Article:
Solve the refugee camps and you solve the refugee crisis

The refugee crisis is exacerbated by poorly designed camps and settlements. Here's how to do it right.

by
    Refugees at a temporary camp for refugees and migrants next to the Moria camp on the island of Lesbos, Greece, February 6, 2020 [REUTERS/Elias Marcou]
    Refugees at a temporary camp for refugees and migrants next to the Moria camp on the island of Lesbos, Greece, February 6, 2020 [REUTERS/Elias Marcou]

    Watching inhumanity unfold at refugee camps such as Moria on the Greek island of Lesvos, it is hard not to ask why the situation has become so dire for people fleeing war and desperate lives, and for the countries receiving and hosting them. 

    The war in Syria has been going on since 2011; how can it be possible that what should be the most simple of tasks still has not been achieved - the provision of decent services and protection for human beings regardless of who they are or where they have come from.

    Mostly, this is a logistical and organisational task which can be achieved with the right professional and financial resources; neither of which should be an issue for a continent like Europe.

    As time goes on, the humanitarian crisis unfolding in Syria and other war-torn areas of the world is getting worse for refugees from those places. As has been happening on Lesvos, we see images daily of burning refugee centres, desperate people being beaten with sticks and tear-gassed, and angry protesters fearful of more immigration.

    It all seems so far removed from the European ideal of open and free societies; a Europe which seemed to be the incubator and catalyst for a modern interconnected and sustainable humanity; a Europe we hoped would finally overcome its dark history of colonialism, imperialism and fascism. 

    From a humanitarian and professional perspective, you would expect the sort of mess unfolding on Lesvos to happen at the beginning of a crisis such as the war in Syria, not years into a known situation. And it is happening right on the richest continent on this globe.

    This is the shameful result of there being no vision or leadership when it comes to managing the refugee crisis; of politicians having succumbed to the most primitive narrative and adopting panicky, short-sighted policies. 

    Closing borders with repressive measures, deporting young refugees and migrants even when they have learned the language and are working or are in the middle of apprenticeships are actions used to score political points with voters by ambitious populist European politicians and leaders in Austria, Poland, Bulgaria, Italy or the centrist parties moving to the right in Scandinavia or Greece.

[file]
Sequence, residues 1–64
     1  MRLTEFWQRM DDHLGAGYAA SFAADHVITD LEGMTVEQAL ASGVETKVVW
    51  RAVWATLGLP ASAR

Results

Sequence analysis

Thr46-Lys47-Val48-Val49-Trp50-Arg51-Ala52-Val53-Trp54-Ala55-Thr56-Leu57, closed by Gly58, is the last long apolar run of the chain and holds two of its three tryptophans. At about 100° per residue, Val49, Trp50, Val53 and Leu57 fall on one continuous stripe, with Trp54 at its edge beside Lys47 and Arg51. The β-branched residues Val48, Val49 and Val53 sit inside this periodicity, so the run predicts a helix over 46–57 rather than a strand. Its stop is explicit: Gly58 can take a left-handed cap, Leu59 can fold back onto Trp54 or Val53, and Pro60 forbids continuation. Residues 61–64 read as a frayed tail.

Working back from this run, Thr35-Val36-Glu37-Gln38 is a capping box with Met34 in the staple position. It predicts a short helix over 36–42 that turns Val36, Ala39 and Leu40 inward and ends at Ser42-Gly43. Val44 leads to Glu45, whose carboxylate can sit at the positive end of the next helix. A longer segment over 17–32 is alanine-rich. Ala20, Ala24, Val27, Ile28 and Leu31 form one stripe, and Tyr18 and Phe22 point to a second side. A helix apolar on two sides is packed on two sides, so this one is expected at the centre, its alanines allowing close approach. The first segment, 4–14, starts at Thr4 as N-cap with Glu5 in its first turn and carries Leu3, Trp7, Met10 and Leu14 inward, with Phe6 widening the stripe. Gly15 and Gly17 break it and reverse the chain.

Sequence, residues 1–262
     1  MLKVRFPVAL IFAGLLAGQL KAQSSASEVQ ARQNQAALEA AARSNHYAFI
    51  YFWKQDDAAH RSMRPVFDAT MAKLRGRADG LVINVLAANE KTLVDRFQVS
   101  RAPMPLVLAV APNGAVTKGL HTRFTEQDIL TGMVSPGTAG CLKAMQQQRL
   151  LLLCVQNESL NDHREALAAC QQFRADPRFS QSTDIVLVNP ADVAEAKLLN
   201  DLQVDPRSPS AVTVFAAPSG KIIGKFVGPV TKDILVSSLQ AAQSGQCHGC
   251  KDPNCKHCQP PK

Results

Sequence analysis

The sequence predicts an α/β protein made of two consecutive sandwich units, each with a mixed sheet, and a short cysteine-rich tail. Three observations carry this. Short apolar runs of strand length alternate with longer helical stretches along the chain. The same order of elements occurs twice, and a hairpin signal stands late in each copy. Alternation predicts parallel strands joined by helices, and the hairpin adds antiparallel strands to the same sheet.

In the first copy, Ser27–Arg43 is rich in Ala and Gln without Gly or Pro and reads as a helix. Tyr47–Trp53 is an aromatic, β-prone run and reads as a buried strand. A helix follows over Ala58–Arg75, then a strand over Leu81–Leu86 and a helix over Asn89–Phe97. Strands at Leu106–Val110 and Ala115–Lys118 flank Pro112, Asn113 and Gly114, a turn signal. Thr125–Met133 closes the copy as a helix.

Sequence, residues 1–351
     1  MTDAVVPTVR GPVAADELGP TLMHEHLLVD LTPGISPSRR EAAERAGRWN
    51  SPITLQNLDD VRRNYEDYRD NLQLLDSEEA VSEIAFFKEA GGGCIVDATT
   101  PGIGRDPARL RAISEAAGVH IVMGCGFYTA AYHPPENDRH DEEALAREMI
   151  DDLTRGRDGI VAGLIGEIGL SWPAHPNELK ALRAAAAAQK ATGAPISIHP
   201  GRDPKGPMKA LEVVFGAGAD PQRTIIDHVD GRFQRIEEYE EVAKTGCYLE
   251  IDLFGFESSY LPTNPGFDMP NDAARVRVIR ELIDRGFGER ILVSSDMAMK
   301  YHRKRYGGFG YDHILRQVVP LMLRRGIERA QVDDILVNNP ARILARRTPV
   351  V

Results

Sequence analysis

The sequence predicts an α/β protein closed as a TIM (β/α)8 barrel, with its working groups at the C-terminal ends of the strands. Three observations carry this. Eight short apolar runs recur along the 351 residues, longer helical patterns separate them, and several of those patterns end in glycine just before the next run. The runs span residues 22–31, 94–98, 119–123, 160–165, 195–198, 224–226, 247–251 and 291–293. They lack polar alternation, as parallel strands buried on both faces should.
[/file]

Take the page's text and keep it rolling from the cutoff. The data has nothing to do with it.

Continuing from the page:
Their hard line attracts votes from people who feel insecure and have not been shown the benefits of implementing modern migration and integration measures. 

    Affordable housing or small business support and saving schemes which made Europe so successful in its reconstruction following WWII have been abandoned and neglected throughout Europe.

    Europe's visionless response to the refugee crisis has created the chaos necessary for right-wing nationalism to thrive. Recent newspaper headlines, such as "Illegal immigrants flood in!" and "Migrants rob young Britons of jobs" seen in the UK in 2019, have fuelled this sort of sentiment. 

    There is a solution

    Given the right tools - a team, a sufficient budget, three months to set up proper camps and six to implement the first phase of getting them up and running - and the immediate crisis in Greece and, by default, the European crisis would be over if only it was managed correctly.

    Done properly, we could avoid the images of human suffering and abuse, stories of suicidal children, women being abused, human traffickers and mafia thriving.

    The conditions on the Greek islands, the reforms introduced by the Greek government resulting in a block on asylum claims - a violation of international law - and the reduction of social support even to recognised refugees will open the doors further to human trafficking and exploitation. 

    I saw it all when I was manager of the Zaatari refugee camp on the Jordanian-Syrian border in 2013 and 2014. During the initial restrictions strictly limiting the freedom of movement of refugees in the 100,000-person camp, prostitution, smuggling and child abuse were prolific. We were aware that Syrian mafia and business networks linked to the armed opposition were making millions every month. We did not have the resources or intelligence available to do much about it.

    This is still going on. Gangs and people smugglers are preying on the desperation and vulnerability of people trying to get to Greece. Recruitment into brothels, sweatshops and farms in Europe is thriving because desperate refugees feel they have no choice. 

    Documents are forged by international gangs, and children, in particular, have been disappearing without a trace - tens of thousands over the past five years, according to Europol and other child protection agencies.

    Quelling our fear of immigrants

    For those worried about the effect of refugees coming into their countries, properly managed refugee settlements would also stem any uncontrolled rush of refugees towards northern Europe. Responsible management of sustainable camps developing into settlements could fix all that. 

    There would be immediate protection and asylum procedures for people in the most dire need and support for victims of violence as well as trauma treatment.

    There would be a due process to help people return to their countries in dignity with the right support or be linked to opportunities elsewhere in the world.

    This has been done before and can be done again. But Europe must be willing to invest properly in hosting larger numbers of refugees and desperate migrants.